If this is beginning to sound like yet another story of triumph over adversity—well, it’s that, for sure. Against all odds and her father’s protestations, Wang was accepted at one of New York’s competitive junior high schools. Her mother, meanwhile, who had been working 12-hour days in a frigid industrial sushi warehouse that turned her hands purple and numb, went back to school at night to learn computer programming. She found out that her new skills qualified them for legal immigration to Canada, so she and Wang picked up again, moving to a place where they were welcomed, valued, and seen. Her father followed later.

But Beautiful Country is more than an account of one family’s resilience. It is an intimate and eloquent disquisition on what it is like to live in a country that relies on those who live in its shadows, where there is little beauty to be found.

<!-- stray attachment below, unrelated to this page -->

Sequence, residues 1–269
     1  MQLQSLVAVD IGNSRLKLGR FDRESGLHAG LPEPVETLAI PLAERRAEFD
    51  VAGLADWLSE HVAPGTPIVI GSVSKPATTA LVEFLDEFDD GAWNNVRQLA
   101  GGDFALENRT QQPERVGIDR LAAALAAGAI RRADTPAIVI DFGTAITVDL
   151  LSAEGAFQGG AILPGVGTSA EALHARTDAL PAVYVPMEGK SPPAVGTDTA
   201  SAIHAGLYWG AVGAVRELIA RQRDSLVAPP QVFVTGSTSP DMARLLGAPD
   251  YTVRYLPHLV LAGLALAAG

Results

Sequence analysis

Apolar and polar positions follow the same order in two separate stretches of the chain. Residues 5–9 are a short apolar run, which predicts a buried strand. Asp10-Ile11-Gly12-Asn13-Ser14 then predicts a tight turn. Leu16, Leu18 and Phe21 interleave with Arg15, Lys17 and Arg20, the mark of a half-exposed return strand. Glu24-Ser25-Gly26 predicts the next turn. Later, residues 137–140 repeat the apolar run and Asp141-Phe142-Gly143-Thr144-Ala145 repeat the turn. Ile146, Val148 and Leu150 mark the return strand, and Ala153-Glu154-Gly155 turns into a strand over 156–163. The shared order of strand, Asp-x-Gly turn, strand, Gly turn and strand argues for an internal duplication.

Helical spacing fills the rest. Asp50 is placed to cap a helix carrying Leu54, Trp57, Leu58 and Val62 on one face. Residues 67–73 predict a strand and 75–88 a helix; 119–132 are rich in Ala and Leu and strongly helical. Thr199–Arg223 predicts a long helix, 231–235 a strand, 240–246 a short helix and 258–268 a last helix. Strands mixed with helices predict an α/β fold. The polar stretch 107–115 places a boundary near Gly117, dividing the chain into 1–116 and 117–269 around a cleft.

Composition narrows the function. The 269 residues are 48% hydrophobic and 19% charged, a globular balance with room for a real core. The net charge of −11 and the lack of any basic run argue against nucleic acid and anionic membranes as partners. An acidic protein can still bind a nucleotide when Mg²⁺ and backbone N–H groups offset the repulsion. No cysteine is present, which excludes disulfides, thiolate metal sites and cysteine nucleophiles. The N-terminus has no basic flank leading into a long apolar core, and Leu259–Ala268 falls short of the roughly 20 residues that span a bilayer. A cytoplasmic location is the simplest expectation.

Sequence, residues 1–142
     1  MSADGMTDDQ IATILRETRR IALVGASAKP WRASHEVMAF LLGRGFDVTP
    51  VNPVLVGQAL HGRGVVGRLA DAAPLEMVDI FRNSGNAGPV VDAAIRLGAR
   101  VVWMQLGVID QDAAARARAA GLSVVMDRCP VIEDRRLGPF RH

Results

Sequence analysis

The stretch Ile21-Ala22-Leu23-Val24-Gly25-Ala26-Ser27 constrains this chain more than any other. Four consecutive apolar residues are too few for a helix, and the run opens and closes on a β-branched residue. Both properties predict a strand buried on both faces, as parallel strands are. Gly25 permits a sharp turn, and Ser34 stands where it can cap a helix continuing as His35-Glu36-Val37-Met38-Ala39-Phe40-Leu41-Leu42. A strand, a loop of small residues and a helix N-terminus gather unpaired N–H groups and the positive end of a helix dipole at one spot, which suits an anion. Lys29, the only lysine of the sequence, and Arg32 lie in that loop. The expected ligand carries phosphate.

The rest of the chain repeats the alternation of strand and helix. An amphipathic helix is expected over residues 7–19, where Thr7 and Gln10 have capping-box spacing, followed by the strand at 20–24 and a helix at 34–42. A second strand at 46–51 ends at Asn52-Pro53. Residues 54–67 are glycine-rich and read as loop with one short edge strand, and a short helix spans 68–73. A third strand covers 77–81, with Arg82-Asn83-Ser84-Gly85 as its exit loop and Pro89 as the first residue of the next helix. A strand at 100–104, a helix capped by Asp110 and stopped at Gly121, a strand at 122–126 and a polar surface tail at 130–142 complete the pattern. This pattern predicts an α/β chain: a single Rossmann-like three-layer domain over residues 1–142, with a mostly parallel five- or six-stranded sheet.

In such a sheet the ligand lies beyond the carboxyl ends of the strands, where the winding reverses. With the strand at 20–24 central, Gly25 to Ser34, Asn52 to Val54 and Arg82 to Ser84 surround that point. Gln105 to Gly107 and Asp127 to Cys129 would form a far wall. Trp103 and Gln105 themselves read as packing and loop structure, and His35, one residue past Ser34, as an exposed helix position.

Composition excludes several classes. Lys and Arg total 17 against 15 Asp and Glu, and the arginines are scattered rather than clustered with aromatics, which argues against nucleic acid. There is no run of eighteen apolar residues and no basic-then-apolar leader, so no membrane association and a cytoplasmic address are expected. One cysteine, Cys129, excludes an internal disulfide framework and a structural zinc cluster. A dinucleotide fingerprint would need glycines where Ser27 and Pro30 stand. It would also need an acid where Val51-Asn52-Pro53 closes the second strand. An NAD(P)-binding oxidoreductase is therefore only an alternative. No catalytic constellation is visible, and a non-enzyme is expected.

Sue Halpern is a staff writer at the New Yorker and scholar-in-residence at Middlebury College.

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System Error: Where Big Tech Went Wrong and How We Can Reboot
Rob Reich ’91, Mehran Sahami, Jeremy M. Weinstein
Harper, $27.99
Reviewed by James Ledbetter ’86

In a very short time, America’s most powerful tech companies went from the epitome of cool esteem to targets of angry scorn. The rapid fall was connected to the 2016 presidential election and social media’s inability to filter out obvious disinformation and propaganda—but the causes of public outrage are much broader, including privacy violations, predatory business practices, and economic dislocation. Yet these companies are not going away; how can their power be repurposed for better social outcomes?